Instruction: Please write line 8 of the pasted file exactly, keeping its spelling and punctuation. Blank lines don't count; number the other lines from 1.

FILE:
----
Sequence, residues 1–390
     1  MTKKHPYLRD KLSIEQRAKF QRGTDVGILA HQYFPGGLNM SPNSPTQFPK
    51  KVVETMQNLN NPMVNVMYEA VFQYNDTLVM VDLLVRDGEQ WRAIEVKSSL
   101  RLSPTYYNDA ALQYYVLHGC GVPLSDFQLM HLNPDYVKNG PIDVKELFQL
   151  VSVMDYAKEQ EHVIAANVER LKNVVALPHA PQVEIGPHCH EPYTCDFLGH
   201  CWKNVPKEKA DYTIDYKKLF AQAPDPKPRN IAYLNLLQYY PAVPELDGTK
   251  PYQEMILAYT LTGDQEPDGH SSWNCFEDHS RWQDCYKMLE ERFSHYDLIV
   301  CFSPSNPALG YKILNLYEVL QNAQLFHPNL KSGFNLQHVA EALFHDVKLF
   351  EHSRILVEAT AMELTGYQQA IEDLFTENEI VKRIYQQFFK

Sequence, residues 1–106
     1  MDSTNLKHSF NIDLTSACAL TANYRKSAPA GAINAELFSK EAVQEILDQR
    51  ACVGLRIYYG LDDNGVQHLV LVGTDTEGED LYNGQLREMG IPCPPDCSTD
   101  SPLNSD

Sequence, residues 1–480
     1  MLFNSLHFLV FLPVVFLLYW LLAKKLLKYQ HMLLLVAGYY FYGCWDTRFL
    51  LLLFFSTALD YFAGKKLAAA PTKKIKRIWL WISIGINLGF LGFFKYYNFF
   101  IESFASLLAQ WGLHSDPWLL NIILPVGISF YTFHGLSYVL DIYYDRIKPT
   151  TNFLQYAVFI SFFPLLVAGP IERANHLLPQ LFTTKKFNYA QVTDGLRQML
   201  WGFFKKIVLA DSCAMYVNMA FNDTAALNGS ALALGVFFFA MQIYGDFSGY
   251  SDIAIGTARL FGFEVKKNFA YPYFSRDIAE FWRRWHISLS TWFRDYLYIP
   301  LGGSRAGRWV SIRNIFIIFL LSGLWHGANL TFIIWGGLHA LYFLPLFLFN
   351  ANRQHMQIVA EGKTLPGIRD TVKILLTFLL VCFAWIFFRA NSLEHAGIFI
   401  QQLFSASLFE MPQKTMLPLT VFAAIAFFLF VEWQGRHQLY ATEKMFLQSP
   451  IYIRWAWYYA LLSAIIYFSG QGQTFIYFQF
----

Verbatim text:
   301  CFSPSNPALG YKILNLYEVL QNAQLFHPNL KSGFNLQHVA EALFHDVKLF